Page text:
5. Disc Stack Centrifuge

    It operates much in the same way as a basket centrifuge, with one substantial difference. The inner centrifuge bowl is equipped with a disc stack (conical discs) in the center by an inlet. The bowl discs (conical discs) are stacked on top of each other, providing a high additional separation surface area. The result is a smoother and faster separation process, greater capacity, and higher RPMs than a traditional basket centrifuge. Typical industries include biotech pharmaceuticals, dairy, environmental, chemicals, oil and gas, energy and utilities, food and beverage, industrial machinery, marine and transportation, pulp and paper, and steel.

  6. Self-Cleaning Centrifuges

    Chamber Bowl Separator : it is used for polishing liquids in the chemical and pharmaceutical industries, particularly when, in addition to the clarified liquids, solids must be simultaneously recovered and/or must be obtained in the form of a dry cake. Additionally, they are used when because of the erosive character of the solids, continuous centrifuges cannot be employed.

    Clarifier : A clarifying centrifugal separator is used for separating solid particles from a liquid. The clarifier separator is equipped with a stack of bowl discs (conical discs) for creating a large equivalent clarification area in a relatively small bowl volume.

    Nozzle Separator : A nozzle centrifuge is a continuously operating machine that clarifies liquids while concentrating solids. A built-in centripetal pump discharges the clarified liquid. The concentrated solids are discharged continuously through nozzles.

    Purifier : A purifying centrifugal separator is a machine in which two liquids of different densities are separated from each other. The solids may also be separated at the same time.

    Peeler Centrifuge : It is equipped with a screen designed to handle batch processes. After a slurry batch is injected into the centrifuge, the material is then passed through the screen, which prevents the denser solids from seeping through. This cake of materials is then peeled off by the arm and discharged from the device. Typical applications include bulk chemicals, fine chemicals, pharmaceuticals, plastics, and food industries.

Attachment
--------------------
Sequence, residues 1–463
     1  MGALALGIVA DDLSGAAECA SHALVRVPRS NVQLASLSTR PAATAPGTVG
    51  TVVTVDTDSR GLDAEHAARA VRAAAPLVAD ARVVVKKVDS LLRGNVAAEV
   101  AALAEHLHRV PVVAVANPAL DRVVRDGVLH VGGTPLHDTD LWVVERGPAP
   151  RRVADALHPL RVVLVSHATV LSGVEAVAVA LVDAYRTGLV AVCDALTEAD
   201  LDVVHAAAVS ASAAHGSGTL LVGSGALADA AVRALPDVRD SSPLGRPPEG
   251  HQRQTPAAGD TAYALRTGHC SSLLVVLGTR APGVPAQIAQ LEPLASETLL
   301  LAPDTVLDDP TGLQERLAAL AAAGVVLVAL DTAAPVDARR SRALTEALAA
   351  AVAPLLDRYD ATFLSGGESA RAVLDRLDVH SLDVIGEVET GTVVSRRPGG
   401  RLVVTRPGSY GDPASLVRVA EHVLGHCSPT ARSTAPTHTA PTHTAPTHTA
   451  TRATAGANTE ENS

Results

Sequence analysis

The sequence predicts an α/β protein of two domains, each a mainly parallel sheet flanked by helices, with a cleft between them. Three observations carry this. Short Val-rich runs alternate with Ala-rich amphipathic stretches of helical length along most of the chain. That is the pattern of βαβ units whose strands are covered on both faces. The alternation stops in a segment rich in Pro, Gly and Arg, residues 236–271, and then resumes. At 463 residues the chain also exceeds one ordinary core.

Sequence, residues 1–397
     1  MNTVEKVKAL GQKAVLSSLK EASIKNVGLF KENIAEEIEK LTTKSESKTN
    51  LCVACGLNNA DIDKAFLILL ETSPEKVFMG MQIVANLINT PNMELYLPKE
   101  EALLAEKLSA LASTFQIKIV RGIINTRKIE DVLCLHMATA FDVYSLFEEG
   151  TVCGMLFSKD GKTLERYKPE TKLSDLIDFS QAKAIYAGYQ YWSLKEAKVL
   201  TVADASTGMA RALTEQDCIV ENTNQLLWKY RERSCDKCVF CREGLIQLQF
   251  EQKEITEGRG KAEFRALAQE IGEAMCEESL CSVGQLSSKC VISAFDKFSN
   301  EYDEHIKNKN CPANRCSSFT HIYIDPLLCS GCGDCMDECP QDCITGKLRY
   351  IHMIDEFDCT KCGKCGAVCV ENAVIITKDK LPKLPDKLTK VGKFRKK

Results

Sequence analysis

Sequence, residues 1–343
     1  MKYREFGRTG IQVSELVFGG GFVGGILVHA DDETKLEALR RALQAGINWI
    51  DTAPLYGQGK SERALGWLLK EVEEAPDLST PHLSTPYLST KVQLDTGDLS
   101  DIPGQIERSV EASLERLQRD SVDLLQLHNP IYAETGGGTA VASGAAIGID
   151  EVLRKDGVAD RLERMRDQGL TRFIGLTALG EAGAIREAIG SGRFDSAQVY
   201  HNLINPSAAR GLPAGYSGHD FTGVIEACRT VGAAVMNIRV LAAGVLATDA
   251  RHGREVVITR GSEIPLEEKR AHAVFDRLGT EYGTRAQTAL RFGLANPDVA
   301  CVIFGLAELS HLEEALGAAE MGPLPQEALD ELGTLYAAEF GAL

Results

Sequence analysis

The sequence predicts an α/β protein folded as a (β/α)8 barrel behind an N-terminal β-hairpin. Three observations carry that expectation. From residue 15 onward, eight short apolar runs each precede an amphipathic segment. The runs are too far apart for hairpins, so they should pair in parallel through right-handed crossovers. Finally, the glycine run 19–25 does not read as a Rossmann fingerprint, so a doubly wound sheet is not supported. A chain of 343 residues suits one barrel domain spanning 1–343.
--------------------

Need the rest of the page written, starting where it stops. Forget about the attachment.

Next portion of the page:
Pusher Centrifuge : As with a basket centrifuge, spinning the bowl of a pusher centrifuge causes the liquid inside to exit out of a side wall. However, once the basket is devoid of liquid, a pusher centrifuge has a dedicated arm that scrapes the interior and pushes the solid material from the rear of the basket, which in essence, allows the basket to process the next batch immediately. Also called a horizontal basket centrifuge, a pusher centrifuge is designed as a continuous filtration centrifuge for solid and liquid separation.

    Tubular Centrifuge : A tubular centrifuge consists of an extended vertical bowl that is primarily used for continuously separating liquids from liquids. As the centrifuge bowl spins, liquid of a lesser specific density is contained within the middle, whereas liquid of a greater specific density is routed to the exterior walls. Naturally, to maintain separation, each liquid is provided with its own discharge point. Any small solids contained therein must be removed through a manual process.